By Rajiv Chandrasekaran
Saturday, February 13, 2010; A01
CAMP LEATHERNECK, AFGHANISTAN -- Thousands of U.S. Marines and Afghan soldiers traveling in helicopters and mine-resistant vehicles began punching into a key Taliban stronghold in southern Afghanistan early Saturday, as the largest military operation since 2001 to assert government control over this country got underway.
The first wave of Marines and Afghan soldiers swooped into the farming community of Marja about 2 a.m. Saturday local time (4:30 p.m. Eastern), their CH-53 Super Stallion transport helicopters landing amid clouds of dust on fallow fields. As the troops, weighed down with ammunition and supplies, lumbered out and set up defensive positions, AV-8B Harrier fighter jets and AH-1 Cobra attack helicopters circled overhead in the moonless sky.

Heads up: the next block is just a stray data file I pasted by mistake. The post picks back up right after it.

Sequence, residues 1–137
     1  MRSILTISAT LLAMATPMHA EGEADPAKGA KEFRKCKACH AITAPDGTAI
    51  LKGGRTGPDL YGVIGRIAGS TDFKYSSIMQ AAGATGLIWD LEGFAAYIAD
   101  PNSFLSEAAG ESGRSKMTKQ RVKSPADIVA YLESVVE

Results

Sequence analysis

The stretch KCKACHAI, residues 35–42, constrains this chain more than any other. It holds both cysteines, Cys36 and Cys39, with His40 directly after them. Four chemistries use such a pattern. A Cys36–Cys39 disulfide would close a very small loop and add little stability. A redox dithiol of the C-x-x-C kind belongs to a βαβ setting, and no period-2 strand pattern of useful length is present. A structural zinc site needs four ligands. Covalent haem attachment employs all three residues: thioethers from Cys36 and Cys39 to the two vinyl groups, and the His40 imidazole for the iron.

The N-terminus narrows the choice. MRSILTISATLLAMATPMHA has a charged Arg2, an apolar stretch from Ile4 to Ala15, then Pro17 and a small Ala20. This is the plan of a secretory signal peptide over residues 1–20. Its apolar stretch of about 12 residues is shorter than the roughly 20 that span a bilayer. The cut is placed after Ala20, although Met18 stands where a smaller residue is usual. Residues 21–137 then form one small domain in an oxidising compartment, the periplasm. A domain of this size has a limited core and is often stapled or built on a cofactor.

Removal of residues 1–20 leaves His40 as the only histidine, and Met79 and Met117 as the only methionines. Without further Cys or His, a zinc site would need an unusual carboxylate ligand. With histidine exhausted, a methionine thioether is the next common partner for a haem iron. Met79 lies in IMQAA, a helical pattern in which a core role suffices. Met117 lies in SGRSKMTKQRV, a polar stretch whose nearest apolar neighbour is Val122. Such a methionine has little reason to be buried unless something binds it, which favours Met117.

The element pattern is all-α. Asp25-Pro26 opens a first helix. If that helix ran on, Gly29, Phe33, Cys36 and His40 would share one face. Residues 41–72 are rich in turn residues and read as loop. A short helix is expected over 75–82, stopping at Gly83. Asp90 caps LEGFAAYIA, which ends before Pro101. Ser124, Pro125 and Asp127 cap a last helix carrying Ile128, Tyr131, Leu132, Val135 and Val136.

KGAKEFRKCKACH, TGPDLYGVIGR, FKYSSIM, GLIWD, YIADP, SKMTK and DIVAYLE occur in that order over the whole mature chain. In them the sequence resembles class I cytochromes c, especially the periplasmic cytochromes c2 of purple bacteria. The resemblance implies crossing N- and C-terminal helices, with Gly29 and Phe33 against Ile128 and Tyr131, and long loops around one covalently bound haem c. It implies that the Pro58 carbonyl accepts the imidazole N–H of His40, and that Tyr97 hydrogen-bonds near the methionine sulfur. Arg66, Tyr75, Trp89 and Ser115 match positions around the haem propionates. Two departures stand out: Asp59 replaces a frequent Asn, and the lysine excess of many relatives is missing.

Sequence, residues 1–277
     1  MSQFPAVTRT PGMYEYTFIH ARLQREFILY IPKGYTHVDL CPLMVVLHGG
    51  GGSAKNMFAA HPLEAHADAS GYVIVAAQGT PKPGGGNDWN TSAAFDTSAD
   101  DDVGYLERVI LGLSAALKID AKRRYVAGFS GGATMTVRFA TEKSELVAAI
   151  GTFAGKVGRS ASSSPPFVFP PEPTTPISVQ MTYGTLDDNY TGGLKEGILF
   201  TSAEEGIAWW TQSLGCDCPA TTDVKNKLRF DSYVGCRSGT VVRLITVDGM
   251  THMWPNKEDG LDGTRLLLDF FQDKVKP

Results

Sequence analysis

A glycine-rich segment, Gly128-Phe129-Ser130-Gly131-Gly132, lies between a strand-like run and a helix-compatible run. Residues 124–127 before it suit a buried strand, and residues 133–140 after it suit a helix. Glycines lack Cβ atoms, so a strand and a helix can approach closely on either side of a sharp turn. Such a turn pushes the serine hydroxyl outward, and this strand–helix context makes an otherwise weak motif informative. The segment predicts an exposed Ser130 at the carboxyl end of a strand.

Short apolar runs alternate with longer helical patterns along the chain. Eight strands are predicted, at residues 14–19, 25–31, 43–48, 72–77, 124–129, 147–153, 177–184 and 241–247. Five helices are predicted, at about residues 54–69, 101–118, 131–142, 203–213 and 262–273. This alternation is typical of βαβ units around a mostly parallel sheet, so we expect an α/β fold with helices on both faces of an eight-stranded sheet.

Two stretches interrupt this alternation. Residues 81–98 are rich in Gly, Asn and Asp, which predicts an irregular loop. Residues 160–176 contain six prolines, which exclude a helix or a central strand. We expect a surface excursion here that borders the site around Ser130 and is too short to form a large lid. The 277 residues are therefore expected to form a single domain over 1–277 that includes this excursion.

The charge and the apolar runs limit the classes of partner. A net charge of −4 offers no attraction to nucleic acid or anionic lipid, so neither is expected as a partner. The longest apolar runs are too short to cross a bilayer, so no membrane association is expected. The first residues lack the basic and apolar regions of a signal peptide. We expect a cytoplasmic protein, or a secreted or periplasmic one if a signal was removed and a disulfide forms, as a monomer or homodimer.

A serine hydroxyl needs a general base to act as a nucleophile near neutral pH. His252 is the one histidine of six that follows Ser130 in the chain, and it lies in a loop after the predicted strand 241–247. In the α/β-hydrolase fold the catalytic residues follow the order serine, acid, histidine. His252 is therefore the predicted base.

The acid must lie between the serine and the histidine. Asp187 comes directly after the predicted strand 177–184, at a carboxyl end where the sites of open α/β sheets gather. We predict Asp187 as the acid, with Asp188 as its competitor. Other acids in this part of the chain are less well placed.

Two more waves of troops touched down over the following 90 minutes near other strategic locations in Marja. Insurgents mounted scattered attacks on the coalition forces in the initial hours of the operation, causing no significant casualties.
At sunrise, hundreds more Marines and Afghan soldiers entered the area by land, using mobile bridges to ford irrigation canals -- built by U.S. engineers more than 50 years ago -- that have served as defensive moats for the Taliban. Heavily armored mine-sweeping trucks and specially outfitted tanks worked to carve a path through a belt of makeshift bombs buried around the town.
The Marines entering Marja are with some of the first new military units to arrive in Afghanistan as a result of President Obama's decision in December to authorize the deployment of 30,000 additional troops to combat a growing insurgency. The operation is intended to deprive the Taliban of a haven in Helmand province, which military intelligence officials say is home to numerous bombmaking facilities and drug-processing labs.
"We're going to take Marja away from the Taliban," said Brig. Gen. Lawrence D. Nicholson, commander of the 2nd Marine Expeditionary Brigade. Doing so, he said, could result in "a fundamental change in Helmand and, by extension, the entire nation of Afghanistan."'We're a go'